15 must be monitored. In order to ensure adequate quality checks, 75% of the whole interview must be monitored to count towards the 5% monitoring requirement. When verifying, a minimum of 10% of each Interviewer s completed interviews must be verified. (c) In exceptional cases it can be organizationally impossible to carry out re-contact or monitoring to the required level, or at all, or it may be considered contrary to Respondents interest. In such cases project records shall explain why this is the case and what other steps (e.g. checking data records) have been taken to validate data collection. (d) The Client has the right to be informed, prior to commencement of the study, of the proposed nature of the verification or monitoring including the proportion of each Interviewer s interviews to be covered. Upon request from the Client, the Practitioner is obliged to disclose the results of the verification. Where verification identifies discrepancies or problems, 100% of an interviewer s interviews shall be validated and all invalid and non-validated interviews shall be rejected. If the problem identified through validation affects data that have been or will be delivered to the Client, the Client shall be informed immediately upon discovery of the problem. Verification Of Contract Specifications 28. A Practitioner is obliged to allow Clients to verify that work performed meets all contracted specifications and to be present at those operations of the Practitioner s or subcontracted organization relevant to the execution of the study. Client Property 29. (a) The following records remain the property of the Client and must not be disclosed by the Researcher to any third party without the Client s permission: I. Marketing research briefs, specifications and other information provided by the Client. II. The research data and findings from a marketing research project (except in the case of syndicated or multi-client projects or services where the same data are available to more than one Client). (b) Research specifications, such as background, objectives and technical approaches or ideas provided by a Client or potential Client, remain the property of the Client and the contents must not be revealed to third parties without the Client s permission. (c) Client supplied lists provided for specific projects must not be used for any other projects or for adding names to the Researcher s databases. Those lists should be returned to the Client or destroyed upon completion of the project. 14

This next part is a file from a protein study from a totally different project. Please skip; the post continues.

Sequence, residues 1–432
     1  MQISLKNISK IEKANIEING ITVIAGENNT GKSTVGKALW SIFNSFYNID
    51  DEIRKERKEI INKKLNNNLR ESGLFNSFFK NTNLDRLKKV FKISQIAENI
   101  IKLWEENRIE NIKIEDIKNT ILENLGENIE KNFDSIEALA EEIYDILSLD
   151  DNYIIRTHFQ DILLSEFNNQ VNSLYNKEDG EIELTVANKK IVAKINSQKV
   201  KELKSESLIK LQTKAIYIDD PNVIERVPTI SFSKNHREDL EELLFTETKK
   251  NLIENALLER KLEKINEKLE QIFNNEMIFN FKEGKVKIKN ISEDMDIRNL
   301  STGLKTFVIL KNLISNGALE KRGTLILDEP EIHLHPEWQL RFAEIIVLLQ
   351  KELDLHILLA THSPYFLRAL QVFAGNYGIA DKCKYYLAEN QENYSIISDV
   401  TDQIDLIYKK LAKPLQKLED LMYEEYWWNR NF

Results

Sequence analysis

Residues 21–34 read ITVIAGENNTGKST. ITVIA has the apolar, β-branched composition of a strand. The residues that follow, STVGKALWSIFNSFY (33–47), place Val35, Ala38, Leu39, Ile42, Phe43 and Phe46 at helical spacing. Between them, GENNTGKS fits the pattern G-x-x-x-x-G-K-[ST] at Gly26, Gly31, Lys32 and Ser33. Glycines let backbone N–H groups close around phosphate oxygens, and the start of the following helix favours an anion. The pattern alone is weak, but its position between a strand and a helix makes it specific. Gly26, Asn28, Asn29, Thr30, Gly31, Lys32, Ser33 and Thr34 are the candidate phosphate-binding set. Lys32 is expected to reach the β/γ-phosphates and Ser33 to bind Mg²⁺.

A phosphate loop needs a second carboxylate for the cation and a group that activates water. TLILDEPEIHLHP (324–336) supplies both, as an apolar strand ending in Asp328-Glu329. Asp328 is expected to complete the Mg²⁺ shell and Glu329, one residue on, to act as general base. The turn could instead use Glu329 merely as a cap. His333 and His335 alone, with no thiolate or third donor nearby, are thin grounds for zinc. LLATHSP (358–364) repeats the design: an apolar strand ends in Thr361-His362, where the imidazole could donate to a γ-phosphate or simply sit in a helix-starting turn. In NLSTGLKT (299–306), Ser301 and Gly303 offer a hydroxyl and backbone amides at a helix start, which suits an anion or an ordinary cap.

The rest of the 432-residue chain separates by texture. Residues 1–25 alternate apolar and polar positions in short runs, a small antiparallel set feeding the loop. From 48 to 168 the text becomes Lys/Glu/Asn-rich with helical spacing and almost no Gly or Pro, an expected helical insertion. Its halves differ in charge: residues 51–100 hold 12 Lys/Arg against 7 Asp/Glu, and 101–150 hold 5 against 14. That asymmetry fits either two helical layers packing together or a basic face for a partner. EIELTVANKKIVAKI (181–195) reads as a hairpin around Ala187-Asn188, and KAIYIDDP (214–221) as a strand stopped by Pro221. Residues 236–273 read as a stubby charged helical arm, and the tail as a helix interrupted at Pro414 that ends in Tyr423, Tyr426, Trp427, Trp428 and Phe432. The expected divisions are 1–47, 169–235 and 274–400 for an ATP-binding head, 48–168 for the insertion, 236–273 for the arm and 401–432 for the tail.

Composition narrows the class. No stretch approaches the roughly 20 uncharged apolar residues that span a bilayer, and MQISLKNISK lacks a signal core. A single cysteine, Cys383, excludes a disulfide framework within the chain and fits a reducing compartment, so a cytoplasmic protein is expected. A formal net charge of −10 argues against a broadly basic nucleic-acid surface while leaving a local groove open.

16 Security and Privacy of Primary and Secondary Records 30. (a) Researchers must ensure the security of all research records in their possession. (b) The Researcher must conform to current agreed professional practice relating to the keeping of such records for an appropriate period of time, as defined in points (c) and (d) below, after the end of the project. On request, the Researcher must supply the Client with duplicate copies of such records provided that such duplicates do not breach anonymity and confidentiality requirements; that the request is made within the agreed time limit for keeping the Records; and that the Client pays the reasonable costs of providing the duplicates. (c) Technical data must be maintained on all studies for a period of three years, so that if requested, the study can be replicated. (d) Primary and secondary records are the property of the Practitioner. The Practitioner is entitled to destroy primary records one year from the end of the fieldwork (providing secondary records are adequate to enable reconstruction of the results) and to destroy secondary records two years from the end of the fieldwork without reference to the Client. If the Client wishes, exceptions to this, the Client must make special arrangements, in writing with the Practitioner. The method of destruction must maintain Client confidentiality and Respondent anonymity. The Practitioner must provide reasonable access for the Client, on non-syndicated studies, to the completed questionnaires or data forms and to any tapes/discs, provided the Client bears the reasonable cost of preparing any duplicates and masking the identity of Respondents. Billing Procedures 31. (a) General billing procedures require that a percentage of the estimated total amount of the project be invoiced upon approval to proceed with the project. Dependent upon the size of the project, the nature of disbursements made by the Researcher on behalf of the Client, and/or the duration of the project, subsequent amounts may be invoiced in one or a series of interim billing amounts triggered by significant dates or milestones met in the course of the project. The final invoice should be clearly indicated as such and not be issued until the last deliverable has been received by the Client. The final invoice is generally not less than 10% of the total project budget. (b) Researchers should unambiguously inform the Client of the billing schedule and terms of payment prior to the initiation of the project. (c) The ±% contingency range on cost estimates is recognition of the reality of research work. Almost all studies are unique in some respect and estimating project costs is, in part, an art as well as a science. Clients should not assume that the purpose of the ±% contingency range on cost estimates is to permit them to make changes in research specifications after estimates, based on the original specifications, are submitted. Changes in the specifications after estimates are submitted should be noted, and may be justification for a revised estimate at the discretion of the Researcher. It is the responsibility of the Researcher to inform the Client of these fee changes before acting on the basis of the amended specifications. Limitation of Liability 32. Unless it is specifically agreed to the contrary, upon receiving prompt notice from a Client that any of the Researcher s services or deliverables is defective or incomplete, the Researcher must re-perform the work to the extent that it is defective or incomplete. The Researcher will have no liability for any business losses of the Client (including without limitation loss of revenue, profit or goodwill), or for any other indirect, incidental, special or consequential damages, whether attributable to defective or incomplete work or otherwise, and whether arising out of contract, tort or otherwise, even if the Researcher had been advised of the possibility of such losses. In any event, the Researcher s maximum monetary liability in connection with the 15